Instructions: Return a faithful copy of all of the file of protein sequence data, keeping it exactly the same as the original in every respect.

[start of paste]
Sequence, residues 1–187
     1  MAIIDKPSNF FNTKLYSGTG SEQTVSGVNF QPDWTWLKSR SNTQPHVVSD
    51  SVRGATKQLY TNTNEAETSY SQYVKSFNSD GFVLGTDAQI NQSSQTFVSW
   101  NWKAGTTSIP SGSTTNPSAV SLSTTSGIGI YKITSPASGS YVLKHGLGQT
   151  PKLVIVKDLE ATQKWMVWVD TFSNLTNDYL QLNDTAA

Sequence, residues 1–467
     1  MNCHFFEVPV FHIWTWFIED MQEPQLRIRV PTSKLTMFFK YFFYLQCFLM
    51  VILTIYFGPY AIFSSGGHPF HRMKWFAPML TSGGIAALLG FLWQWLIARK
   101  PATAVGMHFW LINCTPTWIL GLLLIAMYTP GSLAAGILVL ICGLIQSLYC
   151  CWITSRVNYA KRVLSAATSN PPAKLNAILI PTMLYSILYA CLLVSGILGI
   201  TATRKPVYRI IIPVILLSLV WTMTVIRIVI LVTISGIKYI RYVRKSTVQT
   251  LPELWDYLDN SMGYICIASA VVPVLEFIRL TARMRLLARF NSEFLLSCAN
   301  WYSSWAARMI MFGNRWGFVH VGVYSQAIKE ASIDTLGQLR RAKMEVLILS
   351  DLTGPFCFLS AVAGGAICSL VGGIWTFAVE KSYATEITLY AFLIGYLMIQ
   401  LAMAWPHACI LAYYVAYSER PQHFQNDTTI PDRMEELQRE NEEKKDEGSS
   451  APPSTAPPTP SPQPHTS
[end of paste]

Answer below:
Sequence, residues 1–187
     1  MAIIDKPSNF FNTKLYSGTG SEQTVSGVNF QPDWTWLKSR SNTQPHVVSD
    51  SVRGATKQLY TNTNEAETSY SQYVKSFNSD GFVLGTDAQI NQSSQTFVSW
   101  NWKAGTTSIP SGSTTNPSAV SLSTTSGIGI YKITSPASGS YVLKHGLGQT
   151  PKLVIVKDLE ATQKWMVWVD TFSNLTNDYL QLNDTAA

Sequence, residues 1–467
     1  MNCHFFEVPV FHIWTWFIED MQEPQLRIRV PTSKLTMFFK YFFYLQCFLM
    51  VILTIYFGPY AIFSSGGHPF HRMKWFAPML TSGGIAALLG FLWQWLIARK
   101  PATAVGMHFW LINCTPTWIL GLLLIAMYTP GSLAAGILVL ICGLIQSLYC
   151  CWITSRVNYA KRVLSAATSN PPAKLNAILI PTMLYSILYA CLLVSGILGI
   201  TATRKPVYRI IIPVILLSLV WTMTVIRIVI LVTISGIKYI RYVRKSTVQT
   251  LPELWDYLDN SMGYICIASA VVPVLEFIRL TARMRLLARF NSEFLLSCAN
   301  WYSSWAARMI MFGNRWGFVH VGVYSQAIKE ASIDTLGQLR RAKMEVLILS
   351  DLTGPFCFLS AVAGGAICSL VGGIWTFAVE KSYATEITLY AFLIGYLMIQ
   401  LAMAWPHACI LAYYVAYSER PQHFQNDTTI PDRMEELQRE NEEKKDEGSS
   451  APPSTAPPTP SPQPHTS